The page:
Affordability is the top driver of the majority of U.S. consumers' (72 percent) healthcare decisions among those who plan to join insurance exchanges. Less than one-third (30 percent), however, are willing to change doctors or healthcare settings to reduce costs, according to a new survey of 3,209 people by Accenture.
As the post-reform marketplace expands to 51 million individually insured consumers, Accenture found that health insurers will need to further differentiate their services and engage new customers which could prove quite challenging considering consumer preferences for lower healthcare costs with little tradeoffs.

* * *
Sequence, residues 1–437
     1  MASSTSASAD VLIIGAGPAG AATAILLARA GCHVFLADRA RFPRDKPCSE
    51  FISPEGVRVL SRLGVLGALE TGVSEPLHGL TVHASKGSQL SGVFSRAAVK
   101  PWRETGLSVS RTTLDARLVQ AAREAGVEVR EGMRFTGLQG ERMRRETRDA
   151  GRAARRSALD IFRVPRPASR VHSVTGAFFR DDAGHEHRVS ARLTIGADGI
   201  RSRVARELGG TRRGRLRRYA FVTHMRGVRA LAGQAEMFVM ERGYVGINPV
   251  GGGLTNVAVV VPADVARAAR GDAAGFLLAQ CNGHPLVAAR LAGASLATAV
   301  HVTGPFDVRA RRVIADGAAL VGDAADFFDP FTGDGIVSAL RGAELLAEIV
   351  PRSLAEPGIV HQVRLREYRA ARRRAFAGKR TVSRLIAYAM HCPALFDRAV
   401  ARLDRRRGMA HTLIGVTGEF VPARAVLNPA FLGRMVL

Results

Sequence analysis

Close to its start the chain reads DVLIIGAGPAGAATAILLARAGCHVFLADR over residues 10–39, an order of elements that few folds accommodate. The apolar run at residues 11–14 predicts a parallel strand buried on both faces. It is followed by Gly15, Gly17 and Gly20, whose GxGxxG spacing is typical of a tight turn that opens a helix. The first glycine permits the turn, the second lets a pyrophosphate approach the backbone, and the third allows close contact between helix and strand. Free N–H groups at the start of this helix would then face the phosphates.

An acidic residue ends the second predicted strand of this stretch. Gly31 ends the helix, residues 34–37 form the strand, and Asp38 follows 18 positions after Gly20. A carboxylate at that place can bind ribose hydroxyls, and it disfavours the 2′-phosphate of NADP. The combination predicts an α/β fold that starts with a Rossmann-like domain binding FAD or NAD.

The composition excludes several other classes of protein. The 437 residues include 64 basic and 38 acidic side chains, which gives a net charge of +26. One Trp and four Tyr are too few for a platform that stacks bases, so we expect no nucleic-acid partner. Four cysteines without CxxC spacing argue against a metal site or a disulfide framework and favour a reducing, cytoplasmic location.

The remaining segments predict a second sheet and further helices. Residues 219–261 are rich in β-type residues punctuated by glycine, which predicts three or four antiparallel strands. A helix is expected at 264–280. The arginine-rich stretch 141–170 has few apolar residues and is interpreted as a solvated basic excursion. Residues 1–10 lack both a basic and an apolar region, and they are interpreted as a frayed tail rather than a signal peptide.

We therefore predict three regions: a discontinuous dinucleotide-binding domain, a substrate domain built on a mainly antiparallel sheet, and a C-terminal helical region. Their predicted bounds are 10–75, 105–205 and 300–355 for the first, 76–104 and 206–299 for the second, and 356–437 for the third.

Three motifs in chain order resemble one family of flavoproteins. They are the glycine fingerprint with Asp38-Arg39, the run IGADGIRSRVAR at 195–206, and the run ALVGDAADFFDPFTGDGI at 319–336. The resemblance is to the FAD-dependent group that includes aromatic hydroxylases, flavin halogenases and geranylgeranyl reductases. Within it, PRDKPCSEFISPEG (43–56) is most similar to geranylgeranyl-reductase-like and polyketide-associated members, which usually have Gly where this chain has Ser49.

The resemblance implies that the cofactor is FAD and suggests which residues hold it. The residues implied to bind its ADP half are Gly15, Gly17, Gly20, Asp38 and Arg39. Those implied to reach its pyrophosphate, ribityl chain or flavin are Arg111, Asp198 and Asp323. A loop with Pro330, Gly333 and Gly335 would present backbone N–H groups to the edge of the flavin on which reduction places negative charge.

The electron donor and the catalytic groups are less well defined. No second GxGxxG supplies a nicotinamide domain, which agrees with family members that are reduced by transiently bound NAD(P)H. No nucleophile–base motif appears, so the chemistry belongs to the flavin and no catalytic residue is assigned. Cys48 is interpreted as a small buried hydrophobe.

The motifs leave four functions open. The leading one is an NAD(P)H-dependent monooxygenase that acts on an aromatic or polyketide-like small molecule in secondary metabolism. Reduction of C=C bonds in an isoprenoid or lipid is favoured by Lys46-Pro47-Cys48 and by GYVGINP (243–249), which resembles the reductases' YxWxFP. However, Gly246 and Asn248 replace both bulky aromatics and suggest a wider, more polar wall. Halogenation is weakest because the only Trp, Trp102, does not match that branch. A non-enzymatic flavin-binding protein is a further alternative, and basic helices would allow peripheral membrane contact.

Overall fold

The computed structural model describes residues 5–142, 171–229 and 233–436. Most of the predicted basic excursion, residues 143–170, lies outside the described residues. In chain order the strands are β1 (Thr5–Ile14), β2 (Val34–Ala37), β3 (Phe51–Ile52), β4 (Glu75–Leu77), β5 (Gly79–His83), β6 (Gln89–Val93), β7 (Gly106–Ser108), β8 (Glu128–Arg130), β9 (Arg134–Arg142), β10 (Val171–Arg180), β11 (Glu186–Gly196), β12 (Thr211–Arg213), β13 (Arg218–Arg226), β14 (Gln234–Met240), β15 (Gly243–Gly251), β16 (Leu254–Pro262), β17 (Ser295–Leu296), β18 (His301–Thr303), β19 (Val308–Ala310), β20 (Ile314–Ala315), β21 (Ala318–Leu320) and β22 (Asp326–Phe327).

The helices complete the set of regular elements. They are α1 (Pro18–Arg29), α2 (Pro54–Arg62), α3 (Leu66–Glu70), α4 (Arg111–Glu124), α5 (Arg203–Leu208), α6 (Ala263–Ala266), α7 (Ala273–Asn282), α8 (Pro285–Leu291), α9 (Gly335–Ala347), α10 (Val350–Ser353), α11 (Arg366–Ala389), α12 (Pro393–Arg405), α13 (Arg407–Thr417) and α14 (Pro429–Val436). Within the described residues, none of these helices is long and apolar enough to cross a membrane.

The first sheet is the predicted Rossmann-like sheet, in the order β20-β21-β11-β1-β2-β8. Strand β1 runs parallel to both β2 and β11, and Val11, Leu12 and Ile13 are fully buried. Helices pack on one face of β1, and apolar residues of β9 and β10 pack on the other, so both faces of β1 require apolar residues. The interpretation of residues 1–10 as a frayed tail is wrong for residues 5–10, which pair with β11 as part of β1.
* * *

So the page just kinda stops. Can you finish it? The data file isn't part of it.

According to the survey, while healthcare consumers seek low out-of-pocket healthcare costs, fewer than 20 percent of those surveyed understand the cost of their care in advance or feel they should track and budget healthcare expenses. Among other notable findings:
- Less than half of consumers are willing to change to generic prescriptions (43 percent); use a nurse practitioner instead of a doctor for routine visits (41 percent) or change their primary care doctor (23 percent).
- Although 81 percent of subsidy-eligible healthcare consumers report they want guidance to improve their health, 40 percent of these same consumers don’t identify going to the doctor for regular checkups as a priority.
- Only one out of the four consumers surveyed trust insurers to provide guidance on improving their health.